Energy Department, Edison Electric Institute: Let’s Plug in Our Cars

With a new agreement in place between the Edison Electric Institute and the U.S. Energy Department, the federal government could get help in achieving a goal that's evaded it in the past: moving federal agencies to electric vehicles.

The government is continuing its push for electric-vehicle adoption, and a key electric-industry group is helping to get the wheels spinning.

The Edison Electric Institute (EEI) has partnered with the U.S. Energy Department to enable a greater use of electric vehicles.

“The electric power industry is a tremendous leader in moving the electric transportation market forward, and we are excited to work with our federal partners to bring about the economic, environmental, and security benefits of transportation electrification,” EEI President Tom Kuhn said in a news release. “Transportation electrification benefits electric utility customers, while also bolstering America’s energy security and sustainability. These are priorities our industry shares with our government partners.”

Energy Department Secretary Ernest Moniz signed a memorandum of understanding [PDF] with EEI at the institute’s annual convention in New Orleans this week. The agreement formalizes their future work in policy, research, outreach and education, and more.

“The U.S. transportation system produces a third of the country’s carbon emissions, making it essential that we improve plug-in electric-vehicle technology and increase their numbers on the road,” Moniz said at the conference.

A Missed Goal, Reassessed

During his 2011 State of the Union address, President Obama set a goal to have 1 million plug-in electric vehicles on American roads by the beginning of this year. That hasn’t happened.

Just 300,000 plug-in electric vehicles are on American roads—a far cry from the more than 250 million gas-powered vehicles on the highways. The White House has pulled back from its electric car goal and instead is focusing on reducing greenhouse gas emissions.

Also missing the mark is the administration’s plan to rely more on “fuel-efficient or clean-energy vehicles.” During Obama’s tenure, just 7 percent of the federal government’s 358,000 vehicle purchases fell under the hybrid or electric umbrella, according to Bloomberg News.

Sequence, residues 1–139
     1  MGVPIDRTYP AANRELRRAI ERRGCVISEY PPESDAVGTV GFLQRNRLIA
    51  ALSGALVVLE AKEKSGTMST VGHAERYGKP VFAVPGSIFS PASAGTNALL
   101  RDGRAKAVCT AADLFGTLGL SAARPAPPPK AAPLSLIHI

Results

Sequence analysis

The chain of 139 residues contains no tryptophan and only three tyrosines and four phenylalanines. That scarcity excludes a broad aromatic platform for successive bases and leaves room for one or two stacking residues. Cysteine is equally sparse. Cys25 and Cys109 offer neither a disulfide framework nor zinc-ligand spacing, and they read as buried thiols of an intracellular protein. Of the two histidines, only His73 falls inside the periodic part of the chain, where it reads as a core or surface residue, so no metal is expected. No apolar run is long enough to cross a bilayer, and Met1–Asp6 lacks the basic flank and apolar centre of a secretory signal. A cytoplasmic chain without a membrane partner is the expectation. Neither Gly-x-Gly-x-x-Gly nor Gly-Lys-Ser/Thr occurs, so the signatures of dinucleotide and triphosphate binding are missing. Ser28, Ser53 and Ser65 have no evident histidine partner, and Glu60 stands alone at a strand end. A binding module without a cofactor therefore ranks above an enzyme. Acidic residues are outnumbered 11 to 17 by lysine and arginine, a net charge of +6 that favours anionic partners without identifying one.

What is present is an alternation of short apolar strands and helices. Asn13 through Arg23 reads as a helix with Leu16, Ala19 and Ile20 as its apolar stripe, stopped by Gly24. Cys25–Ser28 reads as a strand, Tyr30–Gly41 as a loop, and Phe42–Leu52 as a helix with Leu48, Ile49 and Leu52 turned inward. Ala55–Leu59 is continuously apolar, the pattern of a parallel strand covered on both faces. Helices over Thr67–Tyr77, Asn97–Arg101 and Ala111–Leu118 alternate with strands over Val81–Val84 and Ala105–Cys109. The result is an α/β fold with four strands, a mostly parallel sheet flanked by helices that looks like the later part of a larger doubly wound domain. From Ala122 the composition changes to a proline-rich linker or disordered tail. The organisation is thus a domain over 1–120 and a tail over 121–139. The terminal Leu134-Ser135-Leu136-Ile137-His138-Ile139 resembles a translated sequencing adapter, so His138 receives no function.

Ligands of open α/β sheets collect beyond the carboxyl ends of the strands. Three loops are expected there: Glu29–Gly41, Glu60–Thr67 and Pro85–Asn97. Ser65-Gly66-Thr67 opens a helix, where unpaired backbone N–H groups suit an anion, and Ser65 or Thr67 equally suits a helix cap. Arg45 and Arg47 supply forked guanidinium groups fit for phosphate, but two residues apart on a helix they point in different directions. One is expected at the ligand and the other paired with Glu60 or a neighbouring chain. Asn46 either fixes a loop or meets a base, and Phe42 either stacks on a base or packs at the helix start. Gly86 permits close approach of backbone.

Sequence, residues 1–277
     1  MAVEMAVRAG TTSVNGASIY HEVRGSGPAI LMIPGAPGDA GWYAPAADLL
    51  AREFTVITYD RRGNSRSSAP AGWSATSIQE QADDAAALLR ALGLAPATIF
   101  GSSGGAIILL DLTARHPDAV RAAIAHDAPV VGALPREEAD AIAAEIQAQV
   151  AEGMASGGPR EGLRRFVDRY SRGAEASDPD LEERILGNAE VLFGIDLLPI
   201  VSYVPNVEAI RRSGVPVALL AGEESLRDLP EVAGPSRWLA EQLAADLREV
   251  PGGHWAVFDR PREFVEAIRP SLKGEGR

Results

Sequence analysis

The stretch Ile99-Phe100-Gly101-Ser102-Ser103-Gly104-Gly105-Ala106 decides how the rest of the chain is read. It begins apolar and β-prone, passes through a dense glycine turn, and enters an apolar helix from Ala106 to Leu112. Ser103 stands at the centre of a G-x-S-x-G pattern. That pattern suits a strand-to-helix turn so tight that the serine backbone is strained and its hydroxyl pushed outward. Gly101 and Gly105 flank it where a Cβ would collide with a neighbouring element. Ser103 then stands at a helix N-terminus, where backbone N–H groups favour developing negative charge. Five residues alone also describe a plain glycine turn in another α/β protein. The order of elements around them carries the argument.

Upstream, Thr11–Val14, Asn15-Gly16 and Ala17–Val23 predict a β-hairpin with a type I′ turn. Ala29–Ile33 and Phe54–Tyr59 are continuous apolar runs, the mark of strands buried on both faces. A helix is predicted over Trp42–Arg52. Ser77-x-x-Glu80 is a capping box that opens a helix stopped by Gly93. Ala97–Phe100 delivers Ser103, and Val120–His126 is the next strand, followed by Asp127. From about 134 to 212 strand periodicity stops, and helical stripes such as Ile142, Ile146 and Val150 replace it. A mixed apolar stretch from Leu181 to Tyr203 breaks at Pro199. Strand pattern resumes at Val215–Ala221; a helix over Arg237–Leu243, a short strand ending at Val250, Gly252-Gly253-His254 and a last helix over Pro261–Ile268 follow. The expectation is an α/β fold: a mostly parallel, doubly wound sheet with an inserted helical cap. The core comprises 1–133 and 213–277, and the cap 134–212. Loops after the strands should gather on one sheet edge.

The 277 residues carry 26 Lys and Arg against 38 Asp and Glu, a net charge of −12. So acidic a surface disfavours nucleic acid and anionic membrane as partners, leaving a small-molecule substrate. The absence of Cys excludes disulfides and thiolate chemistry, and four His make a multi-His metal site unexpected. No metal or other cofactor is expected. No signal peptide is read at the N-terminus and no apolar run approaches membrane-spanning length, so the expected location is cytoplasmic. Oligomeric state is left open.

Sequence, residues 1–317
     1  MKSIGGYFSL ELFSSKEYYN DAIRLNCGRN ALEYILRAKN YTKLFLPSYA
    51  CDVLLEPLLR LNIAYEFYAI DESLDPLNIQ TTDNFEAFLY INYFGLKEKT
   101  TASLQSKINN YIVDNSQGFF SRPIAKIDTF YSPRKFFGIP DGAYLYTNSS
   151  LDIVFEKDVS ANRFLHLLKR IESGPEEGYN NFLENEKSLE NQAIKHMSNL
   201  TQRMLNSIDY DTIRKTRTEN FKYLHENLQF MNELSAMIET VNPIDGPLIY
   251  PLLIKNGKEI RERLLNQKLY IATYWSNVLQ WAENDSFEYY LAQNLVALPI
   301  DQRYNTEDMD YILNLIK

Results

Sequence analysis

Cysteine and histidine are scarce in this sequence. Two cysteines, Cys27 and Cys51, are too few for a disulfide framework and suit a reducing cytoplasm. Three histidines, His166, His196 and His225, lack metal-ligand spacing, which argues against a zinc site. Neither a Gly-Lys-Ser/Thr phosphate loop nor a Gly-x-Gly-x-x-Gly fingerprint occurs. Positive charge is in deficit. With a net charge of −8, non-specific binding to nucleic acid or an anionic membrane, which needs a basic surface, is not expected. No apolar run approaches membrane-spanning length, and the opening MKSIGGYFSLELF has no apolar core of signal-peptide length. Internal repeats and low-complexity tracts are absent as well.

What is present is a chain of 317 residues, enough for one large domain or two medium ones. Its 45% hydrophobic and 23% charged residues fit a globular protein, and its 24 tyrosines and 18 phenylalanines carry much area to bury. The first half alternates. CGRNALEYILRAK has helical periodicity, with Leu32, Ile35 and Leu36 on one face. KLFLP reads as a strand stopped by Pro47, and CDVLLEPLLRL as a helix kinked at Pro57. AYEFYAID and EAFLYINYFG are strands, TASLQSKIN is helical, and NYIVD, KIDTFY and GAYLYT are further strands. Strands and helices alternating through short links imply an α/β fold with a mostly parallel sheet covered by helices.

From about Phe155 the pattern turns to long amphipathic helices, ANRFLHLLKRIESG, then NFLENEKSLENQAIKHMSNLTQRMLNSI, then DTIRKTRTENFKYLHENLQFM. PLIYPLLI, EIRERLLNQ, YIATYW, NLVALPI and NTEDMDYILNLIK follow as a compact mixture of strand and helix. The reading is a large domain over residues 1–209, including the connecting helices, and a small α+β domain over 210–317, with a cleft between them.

But where the government has struggled, EEI has found success. Last year the institute launched a fleet-electrification initiative, which requires both the institute and its member companies to invest a minimum of 5 percent of their vehicle budget in electric cars and plug-in technologies.

According to EEI, its members topped their $50 million annual goal by more than $40 million, with industry members purchasing 800-plus plug-in vehicles and 740 charging ports.

Try, Then Try Again

Although the federal government hasn’t been able to reach such bold energy-efficiency goals in the past, that hasn’t stopped it from aiming high for the future.

A recent executive order, titled Planning for Federal Sustainability in the Next Decade, states that the government must cut its vehicle greenhouse gas emissions by at least 30 percent in the next decade and requires that by the end of 2025, half of new passenger vehicles purchased by the government must either be hybrid or zero-emission vehicles.

The new EEI-Energy Department partnership could help both the electric industry and the government.

“Today’s announcement enhances the kinds of private-public partnerships needed to remain at the forefront of advanced vehicle technologies that reduce our emissions and provide safe, reliable transport for the American people,” Moniz said.


Patrick deHahn

By Patrick deHahn

Patrick deHahn is a contributor to Associations Now. MORE

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